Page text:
{"piano":{"sandbox":"false","aid":"u28R38WdMo","rid":"R7EKS5F","offerId":"OF3HQTHR122A","offerTemplateId":"OTQ347EHGCHM"}}

Q&A: Tackling ear mites

Q: My seven-year-old gelding suddenly hates having his ears touched and someone at my yard suggested he could be suffering from an ear mite infection. Could this be the case?

Graeme Cooke MRCVS replies Ear infections are usually very irritating, and will progress, if untreated.

Lice and mange infections are, of course, not exceptional in horses, especially when seasonal, management, and stabling conditions predispose to the parasites.

However, unlike in cats and dogs, it is very rare for mites to be found within horses’ ears. More commonly they can infest the legs (especially feathers), tail and mane.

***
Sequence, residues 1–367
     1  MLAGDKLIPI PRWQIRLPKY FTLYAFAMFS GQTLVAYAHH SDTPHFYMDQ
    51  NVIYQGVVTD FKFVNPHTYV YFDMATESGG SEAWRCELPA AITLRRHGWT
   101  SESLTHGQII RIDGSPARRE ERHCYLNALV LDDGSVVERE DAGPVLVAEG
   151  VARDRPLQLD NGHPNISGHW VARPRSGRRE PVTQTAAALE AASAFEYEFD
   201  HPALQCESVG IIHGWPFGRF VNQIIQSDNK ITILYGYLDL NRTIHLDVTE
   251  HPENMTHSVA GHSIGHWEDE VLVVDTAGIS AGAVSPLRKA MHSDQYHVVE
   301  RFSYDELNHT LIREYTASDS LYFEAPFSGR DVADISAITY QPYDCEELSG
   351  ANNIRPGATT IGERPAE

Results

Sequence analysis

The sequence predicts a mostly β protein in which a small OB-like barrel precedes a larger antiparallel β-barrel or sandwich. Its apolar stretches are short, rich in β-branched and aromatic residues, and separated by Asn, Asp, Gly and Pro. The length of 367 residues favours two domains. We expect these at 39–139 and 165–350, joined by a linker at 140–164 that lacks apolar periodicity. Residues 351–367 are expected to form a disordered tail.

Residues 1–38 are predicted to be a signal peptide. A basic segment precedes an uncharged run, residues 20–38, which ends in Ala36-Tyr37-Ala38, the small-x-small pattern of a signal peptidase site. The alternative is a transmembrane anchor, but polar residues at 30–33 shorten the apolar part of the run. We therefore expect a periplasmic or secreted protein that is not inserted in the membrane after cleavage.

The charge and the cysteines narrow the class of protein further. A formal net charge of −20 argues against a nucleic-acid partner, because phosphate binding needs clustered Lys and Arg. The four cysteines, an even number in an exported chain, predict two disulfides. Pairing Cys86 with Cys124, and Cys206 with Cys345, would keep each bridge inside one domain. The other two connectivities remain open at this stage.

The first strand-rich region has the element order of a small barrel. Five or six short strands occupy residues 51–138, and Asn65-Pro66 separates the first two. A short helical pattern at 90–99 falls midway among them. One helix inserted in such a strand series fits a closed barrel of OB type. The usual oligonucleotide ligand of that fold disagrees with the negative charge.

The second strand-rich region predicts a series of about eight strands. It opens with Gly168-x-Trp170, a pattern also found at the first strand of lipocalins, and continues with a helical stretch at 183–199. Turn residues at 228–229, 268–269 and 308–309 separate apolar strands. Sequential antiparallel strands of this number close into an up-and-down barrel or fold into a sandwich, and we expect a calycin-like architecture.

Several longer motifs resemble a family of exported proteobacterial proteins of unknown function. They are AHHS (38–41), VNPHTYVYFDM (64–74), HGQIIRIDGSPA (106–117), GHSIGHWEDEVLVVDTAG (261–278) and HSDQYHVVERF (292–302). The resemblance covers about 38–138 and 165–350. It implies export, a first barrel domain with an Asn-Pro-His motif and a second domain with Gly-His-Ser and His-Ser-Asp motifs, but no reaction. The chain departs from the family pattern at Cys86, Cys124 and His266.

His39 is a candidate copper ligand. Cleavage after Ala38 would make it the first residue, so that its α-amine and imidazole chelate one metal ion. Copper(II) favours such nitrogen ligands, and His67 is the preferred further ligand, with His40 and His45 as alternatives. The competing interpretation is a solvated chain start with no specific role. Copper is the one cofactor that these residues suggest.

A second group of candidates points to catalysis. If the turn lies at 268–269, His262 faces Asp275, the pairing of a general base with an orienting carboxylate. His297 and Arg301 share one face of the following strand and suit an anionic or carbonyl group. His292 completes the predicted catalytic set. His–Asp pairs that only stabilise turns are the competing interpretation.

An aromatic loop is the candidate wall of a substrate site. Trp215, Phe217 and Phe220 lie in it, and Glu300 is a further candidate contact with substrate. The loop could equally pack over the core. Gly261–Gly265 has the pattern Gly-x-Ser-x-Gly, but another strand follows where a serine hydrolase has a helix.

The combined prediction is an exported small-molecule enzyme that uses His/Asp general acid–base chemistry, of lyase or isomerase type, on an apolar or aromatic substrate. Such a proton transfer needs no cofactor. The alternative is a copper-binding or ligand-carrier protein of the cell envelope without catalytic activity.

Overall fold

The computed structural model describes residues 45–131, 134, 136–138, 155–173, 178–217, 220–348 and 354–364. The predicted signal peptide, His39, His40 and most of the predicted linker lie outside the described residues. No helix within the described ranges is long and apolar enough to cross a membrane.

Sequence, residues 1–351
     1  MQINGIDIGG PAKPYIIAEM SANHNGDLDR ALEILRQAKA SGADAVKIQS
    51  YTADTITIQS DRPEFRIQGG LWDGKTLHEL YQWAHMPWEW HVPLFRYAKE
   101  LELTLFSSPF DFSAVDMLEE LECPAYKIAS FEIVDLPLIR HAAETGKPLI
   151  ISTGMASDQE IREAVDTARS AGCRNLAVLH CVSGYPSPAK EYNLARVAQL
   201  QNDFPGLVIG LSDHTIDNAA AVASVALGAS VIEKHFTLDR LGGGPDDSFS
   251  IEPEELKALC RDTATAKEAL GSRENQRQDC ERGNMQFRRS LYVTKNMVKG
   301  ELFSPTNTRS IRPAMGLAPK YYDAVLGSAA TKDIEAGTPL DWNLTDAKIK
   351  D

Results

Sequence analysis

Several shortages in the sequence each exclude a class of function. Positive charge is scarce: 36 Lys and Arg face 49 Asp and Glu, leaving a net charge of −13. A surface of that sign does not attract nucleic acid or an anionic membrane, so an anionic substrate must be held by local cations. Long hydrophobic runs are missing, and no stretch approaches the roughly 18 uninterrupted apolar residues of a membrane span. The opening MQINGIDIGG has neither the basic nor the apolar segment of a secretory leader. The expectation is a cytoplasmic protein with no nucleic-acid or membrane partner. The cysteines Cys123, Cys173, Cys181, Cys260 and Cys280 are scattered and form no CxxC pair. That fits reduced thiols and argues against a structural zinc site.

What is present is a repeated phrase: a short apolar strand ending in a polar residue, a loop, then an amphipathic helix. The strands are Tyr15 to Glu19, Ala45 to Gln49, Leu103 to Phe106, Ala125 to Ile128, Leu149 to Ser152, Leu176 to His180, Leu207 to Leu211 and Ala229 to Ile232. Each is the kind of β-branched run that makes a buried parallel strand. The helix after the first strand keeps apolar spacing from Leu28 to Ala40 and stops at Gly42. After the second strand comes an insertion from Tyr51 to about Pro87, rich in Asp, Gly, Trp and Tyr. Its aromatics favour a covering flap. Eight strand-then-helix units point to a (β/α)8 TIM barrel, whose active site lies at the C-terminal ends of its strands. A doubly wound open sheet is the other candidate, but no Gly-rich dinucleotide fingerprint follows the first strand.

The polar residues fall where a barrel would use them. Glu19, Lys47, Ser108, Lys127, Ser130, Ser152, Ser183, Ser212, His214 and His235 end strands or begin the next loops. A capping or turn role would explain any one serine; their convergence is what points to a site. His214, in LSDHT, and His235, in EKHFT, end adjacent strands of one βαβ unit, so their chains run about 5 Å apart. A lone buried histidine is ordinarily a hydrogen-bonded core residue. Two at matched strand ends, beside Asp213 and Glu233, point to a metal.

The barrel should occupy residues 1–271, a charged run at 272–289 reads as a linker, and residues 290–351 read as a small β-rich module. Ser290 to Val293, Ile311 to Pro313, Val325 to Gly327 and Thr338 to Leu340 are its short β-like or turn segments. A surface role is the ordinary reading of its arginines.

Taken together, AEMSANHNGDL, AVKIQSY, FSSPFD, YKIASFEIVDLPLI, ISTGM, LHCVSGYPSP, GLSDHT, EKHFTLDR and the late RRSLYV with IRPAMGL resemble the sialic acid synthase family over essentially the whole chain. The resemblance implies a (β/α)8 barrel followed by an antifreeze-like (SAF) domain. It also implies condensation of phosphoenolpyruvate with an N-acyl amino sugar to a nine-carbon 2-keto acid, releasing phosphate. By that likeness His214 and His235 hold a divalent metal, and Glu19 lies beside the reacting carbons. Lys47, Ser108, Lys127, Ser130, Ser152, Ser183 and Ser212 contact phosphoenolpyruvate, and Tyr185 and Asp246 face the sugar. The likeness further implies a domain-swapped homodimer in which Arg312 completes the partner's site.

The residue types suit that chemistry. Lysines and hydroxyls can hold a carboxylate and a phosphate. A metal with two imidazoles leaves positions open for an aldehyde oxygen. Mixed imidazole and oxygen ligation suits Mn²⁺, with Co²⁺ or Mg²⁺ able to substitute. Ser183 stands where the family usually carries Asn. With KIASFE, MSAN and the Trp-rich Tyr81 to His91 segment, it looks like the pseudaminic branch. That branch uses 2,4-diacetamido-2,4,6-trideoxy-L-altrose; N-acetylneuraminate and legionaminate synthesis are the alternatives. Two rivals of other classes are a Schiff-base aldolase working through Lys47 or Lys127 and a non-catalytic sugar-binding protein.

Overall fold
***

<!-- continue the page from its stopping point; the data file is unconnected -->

Often, mites cause extreme itchiness, which can lead the horse to rub and abrase its own skin. In the case of ears, you might expect one ear to be constantly rubbed, rather than both.

If you are concerned about anything in your horse’s ears, ask your vet to sedate your horse so he can do a thorough and safe examination of the deeper regions of the ear canal.

He may use a torch or a piece of eqipment called an Auroscope. Samples of ear wax orscrapings of the ear wall may be required for further testing.

Where mites have been detected, small-animal ear preparations have been used successfully. However, be warned that your horse may require sedation every time you need to apply the medicine into the ear.

Alternatively, your vet may find that bacterial infection, a growth, or a foreign body such as bedding material, is the cause of the ear problem, and will treat it accordingly.

You may like...